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I'm wondering whether I will ever get a different result when producing a checksum on an .exe file before and then while or after running that file. I'm more concerned with common practice (such as producing a SHA hash of popular app like firefox.exe) than with boundary cases, but both are interesting. Thanks.

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up vote 7 down vote accepted

The hash of a file should be constant for as long as the file is identical (i.e. contains only the same bytes, in the same order). It's very rare to find applications that rewrite their on-disk representation at runtime, so the hash should be constant. There are self-modifying programs, but they tend to operate on the in-memory loaded copy of their code, rather than the disk copy.

Edit: We should consider "Self-updating" applications, but these tend to launch a little helper program to download and update the core application. It's difficult (especially on Windows) to update an execution whilst it's running. UNIX systems tend to operate Copy on Write systems, so it's possible that a software update might change your executable under your feet - but again, this is a "corner case".

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2  
Such on-disk modification of an exe file would probably be flagged by any virus checker as "virus-like" behaviour. – Greg Hewgill Sep 14 '09 at 22:41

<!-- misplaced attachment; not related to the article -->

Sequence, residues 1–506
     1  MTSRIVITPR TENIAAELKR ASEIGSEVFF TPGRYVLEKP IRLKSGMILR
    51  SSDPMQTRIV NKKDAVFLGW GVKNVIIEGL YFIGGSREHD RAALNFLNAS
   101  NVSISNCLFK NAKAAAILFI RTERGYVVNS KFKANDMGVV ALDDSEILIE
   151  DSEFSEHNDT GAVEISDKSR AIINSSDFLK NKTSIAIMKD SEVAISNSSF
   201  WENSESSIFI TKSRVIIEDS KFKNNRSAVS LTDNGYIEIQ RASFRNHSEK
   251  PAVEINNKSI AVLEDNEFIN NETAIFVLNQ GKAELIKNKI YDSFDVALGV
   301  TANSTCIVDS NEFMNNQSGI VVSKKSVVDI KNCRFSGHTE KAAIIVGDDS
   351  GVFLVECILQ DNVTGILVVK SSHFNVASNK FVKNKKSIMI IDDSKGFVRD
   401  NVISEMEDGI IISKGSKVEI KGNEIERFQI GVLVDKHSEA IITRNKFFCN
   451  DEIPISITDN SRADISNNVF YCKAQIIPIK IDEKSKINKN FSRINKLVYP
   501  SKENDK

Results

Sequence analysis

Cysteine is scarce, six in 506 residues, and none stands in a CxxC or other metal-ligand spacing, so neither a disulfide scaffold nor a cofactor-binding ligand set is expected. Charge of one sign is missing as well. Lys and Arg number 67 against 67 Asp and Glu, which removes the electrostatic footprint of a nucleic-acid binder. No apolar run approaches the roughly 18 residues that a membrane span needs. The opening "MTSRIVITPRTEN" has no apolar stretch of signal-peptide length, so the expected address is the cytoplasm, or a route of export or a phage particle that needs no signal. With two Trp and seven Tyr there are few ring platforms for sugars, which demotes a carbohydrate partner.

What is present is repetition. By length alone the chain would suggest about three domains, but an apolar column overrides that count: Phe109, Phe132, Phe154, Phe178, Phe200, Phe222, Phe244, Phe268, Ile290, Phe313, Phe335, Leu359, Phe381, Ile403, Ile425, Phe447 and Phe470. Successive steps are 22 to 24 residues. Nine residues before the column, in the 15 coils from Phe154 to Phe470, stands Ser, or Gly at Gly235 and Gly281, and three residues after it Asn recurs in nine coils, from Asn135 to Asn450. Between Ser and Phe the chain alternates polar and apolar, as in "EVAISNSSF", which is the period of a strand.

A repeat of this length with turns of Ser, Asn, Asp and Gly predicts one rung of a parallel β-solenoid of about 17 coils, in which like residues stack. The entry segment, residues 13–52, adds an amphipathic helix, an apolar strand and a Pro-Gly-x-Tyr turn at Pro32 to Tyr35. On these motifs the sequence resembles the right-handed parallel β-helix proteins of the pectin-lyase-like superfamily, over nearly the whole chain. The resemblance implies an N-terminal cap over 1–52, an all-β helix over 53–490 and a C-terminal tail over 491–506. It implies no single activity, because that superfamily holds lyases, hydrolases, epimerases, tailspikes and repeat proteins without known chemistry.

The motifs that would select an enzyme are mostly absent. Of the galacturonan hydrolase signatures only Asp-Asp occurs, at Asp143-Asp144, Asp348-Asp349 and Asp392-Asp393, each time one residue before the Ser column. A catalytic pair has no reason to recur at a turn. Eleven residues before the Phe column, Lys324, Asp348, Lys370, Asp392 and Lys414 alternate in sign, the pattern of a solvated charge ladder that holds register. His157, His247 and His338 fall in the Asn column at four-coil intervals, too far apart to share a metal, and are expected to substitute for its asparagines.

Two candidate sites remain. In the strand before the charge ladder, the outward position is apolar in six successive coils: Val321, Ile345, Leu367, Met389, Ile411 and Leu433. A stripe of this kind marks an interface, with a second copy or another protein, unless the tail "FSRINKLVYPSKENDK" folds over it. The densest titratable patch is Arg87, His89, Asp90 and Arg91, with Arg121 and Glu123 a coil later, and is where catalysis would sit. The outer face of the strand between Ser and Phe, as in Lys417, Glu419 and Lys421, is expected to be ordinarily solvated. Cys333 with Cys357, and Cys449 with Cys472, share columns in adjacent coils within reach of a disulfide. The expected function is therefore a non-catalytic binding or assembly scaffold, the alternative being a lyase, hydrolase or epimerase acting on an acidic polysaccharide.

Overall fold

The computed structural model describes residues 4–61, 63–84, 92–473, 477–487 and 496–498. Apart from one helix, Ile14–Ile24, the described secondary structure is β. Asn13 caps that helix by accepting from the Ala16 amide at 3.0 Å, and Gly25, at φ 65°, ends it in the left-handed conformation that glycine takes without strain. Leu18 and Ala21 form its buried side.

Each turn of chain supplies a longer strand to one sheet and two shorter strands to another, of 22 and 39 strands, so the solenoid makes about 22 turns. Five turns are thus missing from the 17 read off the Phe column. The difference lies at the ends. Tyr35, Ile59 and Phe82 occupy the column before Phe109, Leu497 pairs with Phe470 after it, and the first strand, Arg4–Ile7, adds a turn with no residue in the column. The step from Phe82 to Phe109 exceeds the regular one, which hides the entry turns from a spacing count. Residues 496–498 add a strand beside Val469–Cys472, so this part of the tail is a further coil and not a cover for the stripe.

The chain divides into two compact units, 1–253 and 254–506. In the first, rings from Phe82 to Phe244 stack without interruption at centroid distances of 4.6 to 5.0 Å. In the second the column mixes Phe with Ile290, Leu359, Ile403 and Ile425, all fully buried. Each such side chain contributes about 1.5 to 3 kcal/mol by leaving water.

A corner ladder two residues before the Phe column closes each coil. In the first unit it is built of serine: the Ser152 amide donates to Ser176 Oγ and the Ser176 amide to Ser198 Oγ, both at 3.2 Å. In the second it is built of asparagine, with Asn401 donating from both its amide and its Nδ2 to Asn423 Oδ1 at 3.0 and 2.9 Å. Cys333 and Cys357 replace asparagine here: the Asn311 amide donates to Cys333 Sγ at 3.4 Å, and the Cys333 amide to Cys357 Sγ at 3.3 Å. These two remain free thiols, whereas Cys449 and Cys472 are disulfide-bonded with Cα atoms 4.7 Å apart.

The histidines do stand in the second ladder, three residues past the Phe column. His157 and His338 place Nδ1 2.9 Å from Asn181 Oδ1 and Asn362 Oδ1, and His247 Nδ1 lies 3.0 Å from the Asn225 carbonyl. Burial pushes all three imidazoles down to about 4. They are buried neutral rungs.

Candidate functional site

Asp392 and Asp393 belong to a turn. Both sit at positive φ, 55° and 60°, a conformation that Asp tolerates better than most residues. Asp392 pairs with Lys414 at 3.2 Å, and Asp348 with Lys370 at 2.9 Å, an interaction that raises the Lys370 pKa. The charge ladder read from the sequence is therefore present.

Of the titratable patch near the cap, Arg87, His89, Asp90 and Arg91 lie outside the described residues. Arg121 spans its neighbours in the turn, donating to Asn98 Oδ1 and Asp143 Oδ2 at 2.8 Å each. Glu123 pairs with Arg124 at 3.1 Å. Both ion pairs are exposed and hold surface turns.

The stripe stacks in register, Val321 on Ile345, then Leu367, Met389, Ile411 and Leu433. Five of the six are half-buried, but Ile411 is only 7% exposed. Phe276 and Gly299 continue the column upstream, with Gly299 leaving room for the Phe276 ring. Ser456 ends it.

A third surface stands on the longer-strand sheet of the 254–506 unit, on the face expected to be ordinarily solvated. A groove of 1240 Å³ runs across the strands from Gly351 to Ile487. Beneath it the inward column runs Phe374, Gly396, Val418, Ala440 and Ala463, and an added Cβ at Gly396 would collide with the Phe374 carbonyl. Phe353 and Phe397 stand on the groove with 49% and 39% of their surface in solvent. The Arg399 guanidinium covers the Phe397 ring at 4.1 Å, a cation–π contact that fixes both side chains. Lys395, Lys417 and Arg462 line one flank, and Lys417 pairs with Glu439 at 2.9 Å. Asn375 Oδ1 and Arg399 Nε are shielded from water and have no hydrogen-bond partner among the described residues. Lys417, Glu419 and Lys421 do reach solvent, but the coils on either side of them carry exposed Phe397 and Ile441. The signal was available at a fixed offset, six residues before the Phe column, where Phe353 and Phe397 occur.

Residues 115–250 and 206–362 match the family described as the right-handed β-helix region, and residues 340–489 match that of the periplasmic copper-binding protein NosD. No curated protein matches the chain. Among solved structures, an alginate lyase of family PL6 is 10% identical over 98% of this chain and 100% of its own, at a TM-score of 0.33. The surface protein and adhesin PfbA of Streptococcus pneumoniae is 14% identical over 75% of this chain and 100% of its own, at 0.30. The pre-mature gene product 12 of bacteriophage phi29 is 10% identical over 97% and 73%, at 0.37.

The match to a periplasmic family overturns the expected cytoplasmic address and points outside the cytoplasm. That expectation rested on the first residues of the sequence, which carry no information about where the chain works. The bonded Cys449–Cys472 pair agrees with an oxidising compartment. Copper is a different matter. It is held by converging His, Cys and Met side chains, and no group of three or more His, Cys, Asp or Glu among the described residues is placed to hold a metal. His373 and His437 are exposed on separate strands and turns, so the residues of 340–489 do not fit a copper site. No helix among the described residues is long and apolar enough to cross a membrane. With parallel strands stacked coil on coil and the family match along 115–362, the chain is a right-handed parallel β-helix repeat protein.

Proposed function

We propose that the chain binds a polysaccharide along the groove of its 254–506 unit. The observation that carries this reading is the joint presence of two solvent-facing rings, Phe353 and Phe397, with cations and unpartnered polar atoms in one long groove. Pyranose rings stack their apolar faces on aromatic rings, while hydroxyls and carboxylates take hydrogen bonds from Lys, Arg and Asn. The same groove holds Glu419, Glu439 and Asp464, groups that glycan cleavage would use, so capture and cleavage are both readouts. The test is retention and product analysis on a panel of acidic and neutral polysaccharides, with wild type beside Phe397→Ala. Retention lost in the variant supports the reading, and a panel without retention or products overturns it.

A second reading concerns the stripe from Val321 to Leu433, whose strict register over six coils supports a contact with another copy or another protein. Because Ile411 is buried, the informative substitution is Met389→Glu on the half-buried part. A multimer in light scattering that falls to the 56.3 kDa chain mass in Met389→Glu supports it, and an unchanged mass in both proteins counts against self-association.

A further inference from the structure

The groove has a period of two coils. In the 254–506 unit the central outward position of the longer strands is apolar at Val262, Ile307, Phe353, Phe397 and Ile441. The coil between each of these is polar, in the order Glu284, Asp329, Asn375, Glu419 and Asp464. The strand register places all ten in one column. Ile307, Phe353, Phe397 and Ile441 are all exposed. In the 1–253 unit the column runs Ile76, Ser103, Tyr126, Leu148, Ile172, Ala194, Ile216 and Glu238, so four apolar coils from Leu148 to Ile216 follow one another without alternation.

Will the exe itself ever have components or "resources" that, say, contain configuration data that might change as a result of running the exe? – Brian Sep 14 '09 at 22:50
    
@Brian, typically not - configuration data is almost always stored seperately – bdonlan Sep 14 '09 at 23:19

The hash will only change if the exe changes. That will only happen if the app modifies itself, which isn't going to happen on windows without the app restarting. Firefox might update itself (including a restart), but apart from such cases, the hash will remain the same.

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The hash will change if the file changes.

EXE files rarely change on their own. firefox.exe would change if the user updates to a new version.

You can check the "date modified" attribute of an EXE file (like firefox.exe) after running it to see whether it has changed, but you'll probably find it hasn't.

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If you mean the modification of the last access time, don't worry, it's stored at the filesystem level, not within the file so the hash will remain the same.

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